I spoke to a brother recently who wanted to know if he could help his father who has dementia write an online will with us. It’s a great question and the answer is, it depends.
One of the conditions for creating a valid will is “mental capacity”.
There are a number of things that can impair your mental capacity and cause you to lose mental capacity. Examples could be:
- A stroke
- A brain injury
- A mental health condition
Drafting a will with a legal professional or an online platform like True Wills is the same i.e. the testator (person creating the will) must be able to demonstrate that they:
- understand the nature of their act (of making a will) and its effects; and
- understand the extent of the property in their estate.
So when you visit a solicitor with your father or mother or other relative and request a will is written, they will ensure that the testator understands what they own and what will happen to their property and possessions when they die.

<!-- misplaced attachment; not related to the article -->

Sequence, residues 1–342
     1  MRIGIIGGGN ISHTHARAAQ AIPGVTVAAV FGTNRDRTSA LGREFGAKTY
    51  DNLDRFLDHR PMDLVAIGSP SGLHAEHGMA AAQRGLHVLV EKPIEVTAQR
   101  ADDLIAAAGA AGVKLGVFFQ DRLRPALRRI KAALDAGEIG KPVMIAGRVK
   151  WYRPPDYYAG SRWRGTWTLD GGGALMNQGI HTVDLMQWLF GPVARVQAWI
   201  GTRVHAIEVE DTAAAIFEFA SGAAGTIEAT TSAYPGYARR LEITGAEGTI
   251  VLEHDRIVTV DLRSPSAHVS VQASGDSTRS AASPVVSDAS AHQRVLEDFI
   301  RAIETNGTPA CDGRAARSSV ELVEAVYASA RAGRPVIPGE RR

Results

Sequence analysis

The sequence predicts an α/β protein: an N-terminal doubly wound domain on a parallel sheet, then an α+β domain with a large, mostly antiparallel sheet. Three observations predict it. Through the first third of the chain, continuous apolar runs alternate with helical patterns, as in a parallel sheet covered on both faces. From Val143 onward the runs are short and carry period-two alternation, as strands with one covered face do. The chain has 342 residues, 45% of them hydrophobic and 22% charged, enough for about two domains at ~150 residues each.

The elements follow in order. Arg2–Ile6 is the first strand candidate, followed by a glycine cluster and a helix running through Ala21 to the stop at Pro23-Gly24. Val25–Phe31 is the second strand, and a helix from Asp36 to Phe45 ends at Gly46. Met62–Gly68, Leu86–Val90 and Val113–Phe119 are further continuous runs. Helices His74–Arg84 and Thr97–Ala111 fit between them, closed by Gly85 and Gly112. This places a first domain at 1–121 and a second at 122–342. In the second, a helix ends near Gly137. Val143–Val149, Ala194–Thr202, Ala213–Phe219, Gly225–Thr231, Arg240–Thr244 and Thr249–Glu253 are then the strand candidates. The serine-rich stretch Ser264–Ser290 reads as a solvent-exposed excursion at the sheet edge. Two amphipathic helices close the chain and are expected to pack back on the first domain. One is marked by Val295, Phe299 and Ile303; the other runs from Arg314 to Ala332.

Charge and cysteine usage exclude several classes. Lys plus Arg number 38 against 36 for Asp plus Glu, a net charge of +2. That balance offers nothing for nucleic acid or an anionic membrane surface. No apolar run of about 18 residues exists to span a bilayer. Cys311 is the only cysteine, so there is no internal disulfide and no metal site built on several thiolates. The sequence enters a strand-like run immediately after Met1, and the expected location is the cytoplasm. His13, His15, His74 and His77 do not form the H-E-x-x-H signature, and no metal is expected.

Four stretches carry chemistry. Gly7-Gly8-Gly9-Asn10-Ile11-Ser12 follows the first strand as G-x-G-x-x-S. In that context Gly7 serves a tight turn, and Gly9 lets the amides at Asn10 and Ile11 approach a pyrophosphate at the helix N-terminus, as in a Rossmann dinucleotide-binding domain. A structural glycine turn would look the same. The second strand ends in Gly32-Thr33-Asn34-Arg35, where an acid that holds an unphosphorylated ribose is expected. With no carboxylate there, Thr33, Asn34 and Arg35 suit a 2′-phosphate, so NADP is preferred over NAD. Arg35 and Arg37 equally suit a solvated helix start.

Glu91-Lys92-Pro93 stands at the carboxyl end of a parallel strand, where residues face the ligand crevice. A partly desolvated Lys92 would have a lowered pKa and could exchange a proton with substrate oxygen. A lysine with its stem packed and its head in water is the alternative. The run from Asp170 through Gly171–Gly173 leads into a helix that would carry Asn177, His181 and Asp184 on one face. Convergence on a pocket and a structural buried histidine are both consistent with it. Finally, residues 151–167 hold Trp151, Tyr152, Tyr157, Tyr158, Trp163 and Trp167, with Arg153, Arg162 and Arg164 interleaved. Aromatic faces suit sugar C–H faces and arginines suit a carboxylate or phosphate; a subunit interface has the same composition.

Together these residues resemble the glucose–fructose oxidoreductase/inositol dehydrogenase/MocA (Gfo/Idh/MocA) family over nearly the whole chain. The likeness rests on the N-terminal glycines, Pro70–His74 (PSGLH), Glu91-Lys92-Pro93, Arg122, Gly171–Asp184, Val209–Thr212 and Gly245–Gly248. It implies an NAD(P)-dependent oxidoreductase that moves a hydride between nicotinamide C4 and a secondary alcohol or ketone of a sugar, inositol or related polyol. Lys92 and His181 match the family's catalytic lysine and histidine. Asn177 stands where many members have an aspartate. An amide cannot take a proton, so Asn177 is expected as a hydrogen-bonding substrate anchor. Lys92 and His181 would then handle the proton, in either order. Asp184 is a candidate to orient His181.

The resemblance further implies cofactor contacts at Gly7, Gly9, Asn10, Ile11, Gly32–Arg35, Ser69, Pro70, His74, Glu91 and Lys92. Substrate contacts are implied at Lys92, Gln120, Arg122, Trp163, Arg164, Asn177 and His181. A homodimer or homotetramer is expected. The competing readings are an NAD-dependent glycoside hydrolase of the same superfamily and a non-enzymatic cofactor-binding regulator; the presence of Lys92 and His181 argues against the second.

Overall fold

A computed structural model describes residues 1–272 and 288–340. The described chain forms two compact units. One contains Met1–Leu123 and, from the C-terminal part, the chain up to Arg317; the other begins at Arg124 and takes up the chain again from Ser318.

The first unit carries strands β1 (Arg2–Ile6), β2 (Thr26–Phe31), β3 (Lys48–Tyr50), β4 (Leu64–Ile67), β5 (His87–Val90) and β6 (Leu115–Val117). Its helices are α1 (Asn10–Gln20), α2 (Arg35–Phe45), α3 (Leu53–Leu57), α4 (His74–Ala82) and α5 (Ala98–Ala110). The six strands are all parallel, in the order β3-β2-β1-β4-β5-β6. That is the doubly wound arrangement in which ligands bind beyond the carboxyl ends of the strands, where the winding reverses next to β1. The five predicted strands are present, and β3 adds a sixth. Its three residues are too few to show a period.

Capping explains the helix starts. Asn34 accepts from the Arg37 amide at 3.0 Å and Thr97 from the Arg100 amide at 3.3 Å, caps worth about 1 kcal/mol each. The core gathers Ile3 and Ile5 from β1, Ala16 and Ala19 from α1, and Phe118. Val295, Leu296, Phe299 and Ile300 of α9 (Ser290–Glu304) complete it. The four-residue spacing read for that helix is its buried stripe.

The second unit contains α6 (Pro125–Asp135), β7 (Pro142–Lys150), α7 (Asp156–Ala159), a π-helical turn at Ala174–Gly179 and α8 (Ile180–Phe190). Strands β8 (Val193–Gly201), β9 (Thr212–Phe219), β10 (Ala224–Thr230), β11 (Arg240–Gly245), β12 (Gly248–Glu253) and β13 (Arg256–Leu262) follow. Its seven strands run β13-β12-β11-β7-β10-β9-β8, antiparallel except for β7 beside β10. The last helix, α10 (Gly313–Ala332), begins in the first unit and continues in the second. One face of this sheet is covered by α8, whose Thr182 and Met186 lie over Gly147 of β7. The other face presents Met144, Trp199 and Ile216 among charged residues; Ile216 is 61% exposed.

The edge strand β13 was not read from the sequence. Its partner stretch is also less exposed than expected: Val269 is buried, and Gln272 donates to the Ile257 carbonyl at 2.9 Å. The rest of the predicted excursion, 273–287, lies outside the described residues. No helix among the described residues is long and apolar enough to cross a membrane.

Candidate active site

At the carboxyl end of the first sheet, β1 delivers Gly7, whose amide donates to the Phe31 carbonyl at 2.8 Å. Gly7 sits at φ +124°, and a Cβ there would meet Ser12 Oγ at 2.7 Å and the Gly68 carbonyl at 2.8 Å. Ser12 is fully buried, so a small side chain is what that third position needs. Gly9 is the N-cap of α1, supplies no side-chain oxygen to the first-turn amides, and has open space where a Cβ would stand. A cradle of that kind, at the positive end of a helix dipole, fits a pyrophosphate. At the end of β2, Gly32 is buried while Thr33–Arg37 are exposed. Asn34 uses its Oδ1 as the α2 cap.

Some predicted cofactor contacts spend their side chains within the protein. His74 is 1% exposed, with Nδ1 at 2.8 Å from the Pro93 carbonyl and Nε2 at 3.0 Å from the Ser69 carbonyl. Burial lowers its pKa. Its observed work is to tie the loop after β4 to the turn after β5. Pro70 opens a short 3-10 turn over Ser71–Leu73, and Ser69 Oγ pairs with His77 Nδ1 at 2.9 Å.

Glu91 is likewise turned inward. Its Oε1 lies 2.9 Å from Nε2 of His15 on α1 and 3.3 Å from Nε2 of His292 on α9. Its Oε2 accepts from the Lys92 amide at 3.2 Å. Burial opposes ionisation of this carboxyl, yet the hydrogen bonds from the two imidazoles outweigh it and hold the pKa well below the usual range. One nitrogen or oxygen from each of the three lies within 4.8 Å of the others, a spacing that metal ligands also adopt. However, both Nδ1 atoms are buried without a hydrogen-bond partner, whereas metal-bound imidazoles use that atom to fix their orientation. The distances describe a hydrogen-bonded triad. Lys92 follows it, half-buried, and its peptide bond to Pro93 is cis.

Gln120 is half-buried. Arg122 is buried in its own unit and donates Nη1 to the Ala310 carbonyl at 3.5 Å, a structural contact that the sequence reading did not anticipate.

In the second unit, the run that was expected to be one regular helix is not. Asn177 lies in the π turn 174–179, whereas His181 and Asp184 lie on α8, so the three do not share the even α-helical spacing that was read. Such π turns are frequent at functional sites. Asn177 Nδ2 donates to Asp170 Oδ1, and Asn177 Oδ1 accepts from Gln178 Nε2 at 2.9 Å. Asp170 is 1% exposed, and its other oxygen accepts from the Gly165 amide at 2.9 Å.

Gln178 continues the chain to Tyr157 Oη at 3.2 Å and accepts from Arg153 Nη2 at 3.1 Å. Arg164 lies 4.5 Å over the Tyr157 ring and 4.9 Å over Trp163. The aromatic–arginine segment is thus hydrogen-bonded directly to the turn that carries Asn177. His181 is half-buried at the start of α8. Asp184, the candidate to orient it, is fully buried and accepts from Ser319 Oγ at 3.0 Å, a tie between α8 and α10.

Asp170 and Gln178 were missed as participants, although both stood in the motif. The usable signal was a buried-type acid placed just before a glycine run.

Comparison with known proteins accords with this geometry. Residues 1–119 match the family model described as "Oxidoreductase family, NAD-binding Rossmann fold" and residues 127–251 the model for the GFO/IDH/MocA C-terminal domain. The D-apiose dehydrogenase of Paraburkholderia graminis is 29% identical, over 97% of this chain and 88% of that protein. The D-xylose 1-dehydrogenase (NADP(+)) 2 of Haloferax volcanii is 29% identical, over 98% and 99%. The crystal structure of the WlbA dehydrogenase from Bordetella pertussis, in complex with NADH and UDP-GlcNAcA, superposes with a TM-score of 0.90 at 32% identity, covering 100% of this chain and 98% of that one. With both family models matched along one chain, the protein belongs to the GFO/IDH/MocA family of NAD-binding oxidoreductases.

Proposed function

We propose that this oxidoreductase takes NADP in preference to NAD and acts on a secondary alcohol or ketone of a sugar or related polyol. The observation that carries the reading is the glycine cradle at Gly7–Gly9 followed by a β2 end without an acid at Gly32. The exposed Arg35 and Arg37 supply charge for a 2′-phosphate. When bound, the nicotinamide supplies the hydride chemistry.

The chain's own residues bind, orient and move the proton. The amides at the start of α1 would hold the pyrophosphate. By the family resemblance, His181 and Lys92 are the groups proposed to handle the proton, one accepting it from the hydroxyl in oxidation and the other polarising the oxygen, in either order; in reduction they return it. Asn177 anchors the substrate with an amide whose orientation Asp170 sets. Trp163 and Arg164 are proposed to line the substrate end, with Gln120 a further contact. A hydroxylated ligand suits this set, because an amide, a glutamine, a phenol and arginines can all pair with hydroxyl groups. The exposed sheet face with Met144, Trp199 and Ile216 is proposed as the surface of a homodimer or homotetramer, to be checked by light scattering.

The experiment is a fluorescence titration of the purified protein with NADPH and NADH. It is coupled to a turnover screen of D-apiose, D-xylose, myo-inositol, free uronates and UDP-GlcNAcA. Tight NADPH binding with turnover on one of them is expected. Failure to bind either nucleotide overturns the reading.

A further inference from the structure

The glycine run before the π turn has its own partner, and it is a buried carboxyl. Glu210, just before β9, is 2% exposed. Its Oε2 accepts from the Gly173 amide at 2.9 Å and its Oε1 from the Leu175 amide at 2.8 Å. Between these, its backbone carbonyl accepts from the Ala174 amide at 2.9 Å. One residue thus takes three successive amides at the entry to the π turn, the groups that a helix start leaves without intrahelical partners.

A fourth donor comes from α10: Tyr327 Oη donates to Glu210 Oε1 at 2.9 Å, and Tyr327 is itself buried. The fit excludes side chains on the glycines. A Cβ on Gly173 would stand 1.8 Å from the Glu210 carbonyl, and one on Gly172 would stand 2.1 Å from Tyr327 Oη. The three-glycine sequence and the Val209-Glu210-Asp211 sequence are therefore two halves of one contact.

The question I asked the brother was, what stage of dementia his father had reached. In the case of Ewing v Bennett it was established that a testator who executed her will in the early stages of dementia (periodic forgetfulness being the main problem) was valid when written because she had the capacity to make it.
In this case, if the dementia was at an early stage then there is no problem in helping them write the will. When helping someone write a will you must ensure that they understand what they are doing, its effect and how it relates to what they own. Remember that a will isn’t valid until it has been signed by two witnesses who may be asked how the testator was when he or she signed the will. Witnesses won’t be asked if the testator knew what was written in the will as the witnesses are usually not privy to what is written in it.
We can finish with two presumptions:
- There is a presumption that the testator had testamentary capacity – the will is therefore submitted for probate unless anyone who is challenging the will can produce sufficient evidence to rebut this presumption.
- Mental Status is presumed to continue – if the testator suffers from mental illness before they make a will, then it is presumed that they will lack mental capacity when they actually give the instructions.